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5 Favorite Iron Maiden Albums by the Heavy Review
The Heavy Review’s Five Favorite Iron Maiden Albums
Iron Maiden is one of the most incredible metal bands out there. All of their albums from the 80s are great and worth checking out. It’s very difficult for me to make a list like this, but I’m going to do it anyway. The list is in descending order, with #5 being my least favorite and #1 being my favorite Iron Maiden album of all time. I wrote this because I love the band, and I think it could be helpful to newer fans who don’t know the band very well. All of their work is very solid. Let’s also remember that I’m not saying that other opinions are wrong, these are just my personal favorite albums. This being said, please feel free to leave a comment with your opinion.
5. “Seventh Son of a Seventh Son” (1988)
“Seventh Son of a Seventh Son” is Iron Maiden’s grand concept album. It is probably their most keyboard heavy work from the 80s. The sound of the album is still definitely trademark Iron Maiden, but it’s less gritty and even more melodic. I respect the change in the album, and Maiden pulled it off quite well. Songs like “Moonchild” and “The Evil That Men Do” make this a great album. It’s essential listening for any fan of the band, but I feel that they’ve done better things. It’s also one of their more mainstream albums, which is particularly showcased in the song “Can I Play with Madness?”.
4. “Iron Maiden” (1980)
“Iron Maiden” is the debut album from the legendary band. Even from the start, the band had its sound in place. The melodic riffs and speed were all there from this album onwards. The bass is, again, an absolute highlight. “Iron Maiden” is filled to the brim with galloping basslines and excellent guitar soloing. “Prowler” and “Phantom of the Opera” remain as two of my all time favorite Iron Maiden songs. The original vocalist sounds great on this album; he matches the rawer sound that Iron Maiden had at this time. Additionally, it is notable that this album has a very punky sound to it. It’s a lot nastier sounding than everything that came afterwards. Despite this, it has two psychedelic sounding slow songs… a trend that wasn’t continued on later albums.
3. “Powerslave” (1984)
We’re getting into classic album territory here. “Powerslave” is, perhaps, the signature Iron Maiden album. It defines their sound from the early 80s. The songs are absolutely wonderfully crafted; there is no filler on the album at all. The guitar melodies are quite compelling, and beg the listener to come back for more. The drums are great here too, and the bass is very loud on this particular release (always a plus for me). The title track remains one of my favorites from the band, and “Flash of the Blade” is one of their most underrated songs. “Rime of the Ancient Mariner” alone is worth the price of the whole album. “Powerslave” is the one album I would recommend to a new Iron Maiden fan. It displays their signature with some of their most well written songs.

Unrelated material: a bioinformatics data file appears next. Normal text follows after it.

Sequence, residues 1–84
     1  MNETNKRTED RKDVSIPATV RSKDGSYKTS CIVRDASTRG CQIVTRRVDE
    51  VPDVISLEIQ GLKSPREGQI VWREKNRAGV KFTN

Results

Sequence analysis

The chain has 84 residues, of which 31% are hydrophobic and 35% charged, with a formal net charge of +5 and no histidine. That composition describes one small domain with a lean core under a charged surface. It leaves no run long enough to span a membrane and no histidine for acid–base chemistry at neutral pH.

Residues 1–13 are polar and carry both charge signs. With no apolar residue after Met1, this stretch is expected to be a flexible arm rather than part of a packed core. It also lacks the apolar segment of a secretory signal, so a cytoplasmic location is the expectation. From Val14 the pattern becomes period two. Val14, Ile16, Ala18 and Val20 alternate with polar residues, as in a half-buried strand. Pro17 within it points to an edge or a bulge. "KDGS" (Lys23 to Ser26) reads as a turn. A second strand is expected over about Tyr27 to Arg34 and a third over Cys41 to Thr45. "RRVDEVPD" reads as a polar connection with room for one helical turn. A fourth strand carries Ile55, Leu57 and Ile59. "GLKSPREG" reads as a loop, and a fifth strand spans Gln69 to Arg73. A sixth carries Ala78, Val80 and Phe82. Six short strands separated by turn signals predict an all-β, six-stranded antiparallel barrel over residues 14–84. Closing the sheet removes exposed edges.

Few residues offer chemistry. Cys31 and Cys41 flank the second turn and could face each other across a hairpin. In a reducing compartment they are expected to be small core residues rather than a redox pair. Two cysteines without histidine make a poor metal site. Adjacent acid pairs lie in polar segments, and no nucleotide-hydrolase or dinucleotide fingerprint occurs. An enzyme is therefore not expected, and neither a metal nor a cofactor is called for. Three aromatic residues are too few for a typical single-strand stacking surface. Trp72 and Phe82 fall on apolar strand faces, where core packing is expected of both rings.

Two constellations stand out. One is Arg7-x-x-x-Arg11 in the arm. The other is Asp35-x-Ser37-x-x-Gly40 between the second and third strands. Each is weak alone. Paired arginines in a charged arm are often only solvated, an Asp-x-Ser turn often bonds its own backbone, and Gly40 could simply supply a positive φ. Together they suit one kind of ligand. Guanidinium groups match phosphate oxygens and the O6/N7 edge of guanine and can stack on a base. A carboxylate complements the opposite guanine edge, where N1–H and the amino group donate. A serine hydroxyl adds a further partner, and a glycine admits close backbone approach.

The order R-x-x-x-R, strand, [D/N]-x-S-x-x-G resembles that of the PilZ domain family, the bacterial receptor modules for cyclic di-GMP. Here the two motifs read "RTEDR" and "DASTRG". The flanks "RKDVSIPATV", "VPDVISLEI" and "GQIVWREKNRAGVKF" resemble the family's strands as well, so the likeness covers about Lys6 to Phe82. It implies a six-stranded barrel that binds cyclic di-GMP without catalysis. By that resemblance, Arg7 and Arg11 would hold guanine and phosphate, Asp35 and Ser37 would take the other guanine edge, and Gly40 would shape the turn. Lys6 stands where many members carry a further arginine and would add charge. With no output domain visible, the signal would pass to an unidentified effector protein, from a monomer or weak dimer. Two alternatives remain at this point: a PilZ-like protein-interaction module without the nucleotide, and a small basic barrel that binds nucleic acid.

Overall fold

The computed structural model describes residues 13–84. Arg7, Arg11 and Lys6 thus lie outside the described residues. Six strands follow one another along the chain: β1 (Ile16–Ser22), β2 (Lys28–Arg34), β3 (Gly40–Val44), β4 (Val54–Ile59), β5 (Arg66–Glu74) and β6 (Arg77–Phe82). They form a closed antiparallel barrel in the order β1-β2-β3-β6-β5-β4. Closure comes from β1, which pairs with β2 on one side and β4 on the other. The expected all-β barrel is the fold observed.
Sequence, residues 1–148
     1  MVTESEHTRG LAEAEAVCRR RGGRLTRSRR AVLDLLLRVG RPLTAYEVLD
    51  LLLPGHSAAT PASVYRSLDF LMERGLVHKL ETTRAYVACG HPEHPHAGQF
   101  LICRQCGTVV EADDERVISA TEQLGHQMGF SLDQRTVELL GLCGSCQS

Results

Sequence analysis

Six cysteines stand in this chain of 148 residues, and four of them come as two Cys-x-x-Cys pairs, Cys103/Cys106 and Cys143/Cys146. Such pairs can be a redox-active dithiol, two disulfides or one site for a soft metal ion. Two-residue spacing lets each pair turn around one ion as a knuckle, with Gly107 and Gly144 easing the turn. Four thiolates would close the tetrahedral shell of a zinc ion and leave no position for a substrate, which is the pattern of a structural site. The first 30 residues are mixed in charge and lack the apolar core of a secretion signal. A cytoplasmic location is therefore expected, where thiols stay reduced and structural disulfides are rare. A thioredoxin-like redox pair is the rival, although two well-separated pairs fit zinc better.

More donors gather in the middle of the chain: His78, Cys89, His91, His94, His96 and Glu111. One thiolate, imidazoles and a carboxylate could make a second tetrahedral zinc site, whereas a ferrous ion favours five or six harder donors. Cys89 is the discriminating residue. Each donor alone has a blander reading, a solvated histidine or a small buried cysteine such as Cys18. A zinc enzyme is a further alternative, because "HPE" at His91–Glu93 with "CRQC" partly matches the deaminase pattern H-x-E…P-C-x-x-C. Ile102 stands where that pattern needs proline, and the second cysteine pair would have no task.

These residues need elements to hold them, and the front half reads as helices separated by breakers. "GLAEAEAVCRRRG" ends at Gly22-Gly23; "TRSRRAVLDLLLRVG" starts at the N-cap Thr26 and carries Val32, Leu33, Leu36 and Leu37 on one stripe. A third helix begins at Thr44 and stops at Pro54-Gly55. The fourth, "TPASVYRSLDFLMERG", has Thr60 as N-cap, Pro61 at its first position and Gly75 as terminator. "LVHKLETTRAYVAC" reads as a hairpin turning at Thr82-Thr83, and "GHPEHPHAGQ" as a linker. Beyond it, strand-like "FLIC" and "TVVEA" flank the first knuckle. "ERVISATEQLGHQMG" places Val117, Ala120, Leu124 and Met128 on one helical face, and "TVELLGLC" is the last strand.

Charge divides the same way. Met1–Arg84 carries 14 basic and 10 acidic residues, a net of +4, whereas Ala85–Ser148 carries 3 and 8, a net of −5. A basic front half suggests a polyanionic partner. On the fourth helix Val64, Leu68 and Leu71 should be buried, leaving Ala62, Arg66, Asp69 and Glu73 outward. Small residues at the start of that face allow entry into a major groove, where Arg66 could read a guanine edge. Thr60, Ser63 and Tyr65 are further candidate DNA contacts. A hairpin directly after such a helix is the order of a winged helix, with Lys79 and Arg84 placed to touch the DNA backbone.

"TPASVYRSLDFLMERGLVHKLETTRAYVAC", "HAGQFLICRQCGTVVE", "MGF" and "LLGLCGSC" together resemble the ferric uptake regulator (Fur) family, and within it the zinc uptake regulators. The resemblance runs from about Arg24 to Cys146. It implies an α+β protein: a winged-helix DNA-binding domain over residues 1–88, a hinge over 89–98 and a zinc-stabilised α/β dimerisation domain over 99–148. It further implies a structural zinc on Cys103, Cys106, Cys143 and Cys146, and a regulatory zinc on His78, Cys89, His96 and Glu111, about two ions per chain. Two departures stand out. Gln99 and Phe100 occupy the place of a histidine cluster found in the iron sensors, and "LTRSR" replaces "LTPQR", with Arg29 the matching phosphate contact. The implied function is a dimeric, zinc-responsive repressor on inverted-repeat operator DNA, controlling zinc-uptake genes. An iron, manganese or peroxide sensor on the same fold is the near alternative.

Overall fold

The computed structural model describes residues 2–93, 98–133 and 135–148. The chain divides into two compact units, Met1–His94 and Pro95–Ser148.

2. “Killers” (1981)
“Killers” is the second album by Iron Maiden, and the last to feature Paul Di’Anno on vocals. It was also the first to feature Adrian Smith as a guitarist. “Killers” sounds more like a signature Iron Maiden album than the debut. The production is way better, and the guitars generally have a cleaner tone. The album is filled to the brim with great songs. The title track begins with a great bass intro and contains some great galloping guitar riffs. “Genghis Khan” might just be my favorite Iron Maiden instrumental, as well. This is an album that just doesn’t get old, even after 30 years. It rests as my second favorite Maiden album because of its strong songs and the unique blend of the earlier Iron Maiden style and the style they became known for later. The album cover is also one of my favorite Iron Maiden album covers.
And the #1 album is...
1. “Somewhere in Time” (1986)
“Somewhere in Time” just has to be the greatest Iron Maiden album of all time. This is metal perfection right here. The album shows a mature band in their prime creating an album with a unique atmosphere. The keyboards, while not immediately noticeable, are used perfectly to create a spacy atmosphere within the songs. They’re not really prominent like in the album that came afterwards, but they give “Somewhere in Time” great depth and mood. The guitars are absolutely flawless. On the surface, they seem like standard Maiden guitars. But they actually play up the mood of the whole album. Just listen to the intro of “Caught Somewhere in Time”, it’s surreal. I also believe that “Somewhere in Time” features the best vocal performance from the superb Bruce Dickinson. He sounds absolutely excellent here. “Sea of Madness” is my all time favorite Iron Maiden songs. It goes from one of their most heavy songs to sounding very relaxed at times. All in all, “Somewhere in Time” is a flawless album. It is my favorite from the band; though I see why others might choose differently.
So there you have it! These are my five favorite Iron Maiden albums. I’m going to take time now to say that the honorable mentions were “Peace of mind” and “Brave New World”. They would’ve been numbers 6 and 7 respectively. I hope that this was an interesting read for those of you familiar with Iron Maiden and helpful for those who aren’t. I’m going to review an Iron Maiden album soon, so if there’s one you want to hear my full opinion on please let me know. Thanks for reading, and keep it metal!
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